NREL Updates National Solar Radiation Database

May 25, 2007

The Department of Energy’s (DOE) National Renewable Energy Laboratory (NREL) and collaborators have updated the National Solar Radiation Database, a planning tool that provides critical information about the amount of solar energy that is available at any given location.

The database is widely used by solar system designers, building architects and engineers, renewable energy analysts and others to plan, size and site solar energy systems.

It provides hourly solar radiation and meteorological data for 1991–2005 for 1,454 stations and features a new hourly 10-kilometer gridded data set for 1998–2005. This expands the original 1961–1990 database, which contains solar and meteorological data for only 239 stations.

The 1991–2005 National Solar Radiation Database is distributed by the National Climatic Data Center and is also accessible from NREL’s Renewable Resource Data Center Web site.

An accompanying report, National Solar Radiation Database 1991–2005 Update: User's Manual, provides user instructions and information about the database’s development and data access. The manual also includes a complete list of stations and a data quality summary for each site (PDF 14MB). Download Acrobat Reader.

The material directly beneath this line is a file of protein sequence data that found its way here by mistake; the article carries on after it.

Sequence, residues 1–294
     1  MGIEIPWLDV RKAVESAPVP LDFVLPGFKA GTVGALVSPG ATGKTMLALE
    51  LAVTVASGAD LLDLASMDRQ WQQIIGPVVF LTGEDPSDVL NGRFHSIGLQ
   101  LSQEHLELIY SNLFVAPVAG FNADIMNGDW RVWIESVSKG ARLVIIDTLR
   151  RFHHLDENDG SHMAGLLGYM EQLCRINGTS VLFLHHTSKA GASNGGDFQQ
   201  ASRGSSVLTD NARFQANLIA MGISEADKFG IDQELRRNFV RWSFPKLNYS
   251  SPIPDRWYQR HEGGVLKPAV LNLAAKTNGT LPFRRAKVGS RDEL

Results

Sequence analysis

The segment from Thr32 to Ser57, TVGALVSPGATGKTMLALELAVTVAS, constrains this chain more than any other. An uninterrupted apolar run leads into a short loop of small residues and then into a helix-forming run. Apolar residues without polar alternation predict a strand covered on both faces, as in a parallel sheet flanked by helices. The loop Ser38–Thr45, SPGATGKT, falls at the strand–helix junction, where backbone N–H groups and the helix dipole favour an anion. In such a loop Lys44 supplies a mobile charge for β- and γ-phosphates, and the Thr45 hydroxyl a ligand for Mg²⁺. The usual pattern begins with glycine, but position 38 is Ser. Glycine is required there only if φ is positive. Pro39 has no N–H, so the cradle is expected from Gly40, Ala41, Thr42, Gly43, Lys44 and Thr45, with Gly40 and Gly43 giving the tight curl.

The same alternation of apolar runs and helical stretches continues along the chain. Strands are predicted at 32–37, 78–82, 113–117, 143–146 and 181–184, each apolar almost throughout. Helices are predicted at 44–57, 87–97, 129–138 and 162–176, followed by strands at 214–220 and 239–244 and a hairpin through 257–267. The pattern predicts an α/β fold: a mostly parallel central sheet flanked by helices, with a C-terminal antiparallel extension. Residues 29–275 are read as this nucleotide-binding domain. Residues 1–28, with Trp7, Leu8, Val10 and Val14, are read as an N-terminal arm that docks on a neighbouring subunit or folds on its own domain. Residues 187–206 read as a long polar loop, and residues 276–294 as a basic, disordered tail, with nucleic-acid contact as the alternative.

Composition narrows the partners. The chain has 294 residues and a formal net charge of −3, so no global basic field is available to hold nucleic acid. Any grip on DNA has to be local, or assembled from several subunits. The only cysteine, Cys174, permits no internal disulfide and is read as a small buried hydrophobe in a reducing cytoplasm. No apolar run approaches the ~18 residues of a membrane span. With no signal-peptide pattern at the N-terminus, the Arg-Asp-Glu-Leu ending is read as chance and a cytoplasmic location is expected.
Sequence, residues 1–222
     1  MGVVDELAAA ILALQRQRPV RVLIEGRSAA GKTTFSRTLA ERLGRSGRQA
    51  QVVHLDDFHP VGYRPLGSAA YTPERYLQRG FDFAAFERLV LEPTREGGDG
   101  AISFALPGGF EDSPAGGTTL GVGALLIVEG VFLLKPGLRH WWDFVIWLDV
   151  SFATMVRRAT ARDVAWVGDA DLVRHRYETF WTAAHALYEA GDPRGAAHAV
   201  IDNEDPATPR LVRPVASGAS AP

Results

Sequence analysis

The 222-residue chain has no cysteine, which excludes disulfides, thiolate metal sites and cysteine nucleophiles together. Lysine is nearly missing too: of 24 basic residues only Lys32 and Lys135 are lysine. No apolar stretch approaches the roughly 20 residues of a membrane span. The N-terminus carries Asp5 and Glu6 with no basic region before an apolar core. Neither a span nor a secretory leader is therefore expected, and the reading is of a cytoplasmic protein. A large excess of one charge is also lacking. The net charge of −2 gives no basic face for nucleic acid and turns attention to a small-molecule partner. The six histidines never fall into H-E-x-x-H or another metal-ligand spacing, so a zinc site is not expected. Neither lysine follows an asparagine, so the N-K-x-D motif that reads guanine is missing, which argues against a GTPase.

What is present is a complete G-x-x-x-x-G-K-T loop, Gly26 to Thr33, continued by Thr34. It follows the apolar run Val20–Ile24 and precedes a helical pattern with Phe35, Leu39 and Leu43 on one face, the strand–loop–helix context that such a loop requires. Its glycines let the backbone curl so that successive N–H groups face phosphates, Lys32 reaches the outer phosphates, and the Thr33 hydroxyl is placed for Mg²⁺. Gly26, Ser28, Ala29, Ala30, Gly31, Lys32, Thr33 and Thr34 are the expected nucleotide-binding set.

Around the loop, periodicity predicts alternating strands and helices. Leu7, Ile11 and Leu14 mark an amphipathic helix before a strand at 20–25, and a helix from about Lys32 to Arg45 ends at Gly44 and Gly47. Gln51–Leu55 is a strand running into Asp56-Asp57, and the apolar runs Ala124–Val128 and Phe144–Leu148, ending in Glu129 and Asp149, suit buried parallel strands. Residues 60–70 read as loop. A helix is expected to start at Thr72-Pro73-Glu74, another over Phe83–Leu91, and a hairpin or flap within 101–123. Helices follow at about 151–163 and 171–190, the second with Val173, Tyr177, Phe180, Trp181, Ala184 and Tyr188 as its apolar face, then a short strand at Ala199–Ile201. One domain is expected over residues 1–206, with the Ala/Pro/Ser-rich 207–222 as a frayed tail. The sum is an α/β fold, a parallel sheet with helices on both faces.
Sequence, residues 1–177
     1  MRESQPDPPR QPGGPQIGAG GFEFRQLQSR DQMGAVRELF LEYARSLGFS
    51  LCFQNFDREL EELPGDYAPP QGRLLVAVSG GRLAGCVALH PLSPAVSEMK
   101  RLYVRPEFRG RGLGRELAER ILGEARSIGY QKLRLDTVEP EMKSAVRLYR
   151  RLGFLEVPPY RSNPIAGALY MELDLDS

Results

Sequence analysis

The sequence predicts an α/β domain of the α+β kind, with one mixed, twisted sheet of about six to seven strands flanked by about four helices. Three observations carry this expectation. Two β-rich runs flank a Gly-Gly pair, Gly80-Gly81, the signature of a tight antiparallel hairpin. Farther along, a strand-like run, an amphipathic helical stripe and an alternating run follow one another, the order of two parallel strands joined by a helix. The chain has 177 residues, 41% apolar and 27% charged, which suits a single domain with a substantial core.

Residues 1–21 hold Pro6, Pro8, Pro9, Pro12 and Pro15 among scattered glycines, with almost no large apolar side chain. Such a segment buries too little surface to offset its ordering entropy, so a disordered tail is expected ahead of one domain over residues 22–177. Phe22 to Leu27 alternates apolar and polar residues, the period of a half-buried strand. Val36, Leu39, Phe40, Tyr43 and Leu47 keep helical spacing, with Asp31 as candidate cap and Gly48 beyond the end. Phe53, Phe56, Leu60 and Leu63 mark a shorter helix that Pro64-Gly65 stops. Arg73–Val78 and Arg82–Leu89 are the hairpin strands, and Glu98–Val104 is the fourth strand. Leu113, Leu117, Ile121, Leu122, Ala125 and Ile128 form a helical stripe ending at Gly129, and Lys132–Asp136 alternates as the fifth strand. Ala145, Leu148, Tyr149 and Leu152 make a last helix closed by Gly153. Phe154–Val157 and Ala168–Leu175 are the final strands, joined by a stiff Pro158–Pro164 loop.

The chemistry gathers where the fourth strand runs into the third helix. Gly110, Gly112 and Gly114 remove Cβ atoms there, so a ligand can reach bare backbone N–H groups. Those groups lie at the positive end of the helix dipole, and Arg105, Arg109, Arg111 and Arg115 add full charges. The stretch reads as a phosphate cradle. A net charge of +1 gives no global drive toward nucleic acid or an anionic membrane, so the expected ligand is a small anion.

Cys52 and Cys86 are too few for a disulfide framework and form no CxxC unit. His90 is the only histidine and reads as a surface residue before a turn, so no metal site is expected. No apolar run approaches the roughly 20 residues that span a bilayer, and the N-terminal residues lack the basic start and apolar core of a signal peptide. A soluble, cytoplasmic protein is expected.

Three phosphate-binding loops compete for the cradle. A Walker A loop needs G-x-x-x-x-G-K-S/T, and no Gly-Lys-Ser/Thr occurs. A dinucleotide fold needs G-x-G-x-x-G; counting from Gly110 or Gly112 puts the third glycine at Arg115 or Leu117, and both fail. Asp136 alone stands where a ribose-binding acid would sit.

Primary funding for the project came from DOE’s Office of Energy Efficiency and Renewable Energy, with additional support from the Atmospheric Sciences Research Center (State University of New York at Albany), Climate Systems Branch (National Aeronautics and Space Administration), National Climatic Data Center (U.S. Department of Commerce), Northeast Regional Climate Center (Cornell University), Solar Consulting Services (Colebrook, New Hampshire) and the Solar Radiation Monitoring Laboratory (University of Oregon).

NREL is the U.S. Department of Energy's primary national laboratory for renewable energy and energy efficiency research and development. NREL is operated for DOE by Midwest Research Institute and Battelle.

Explore further: Partial solar eclipse over the U.S. on Thursday, Oct. 23

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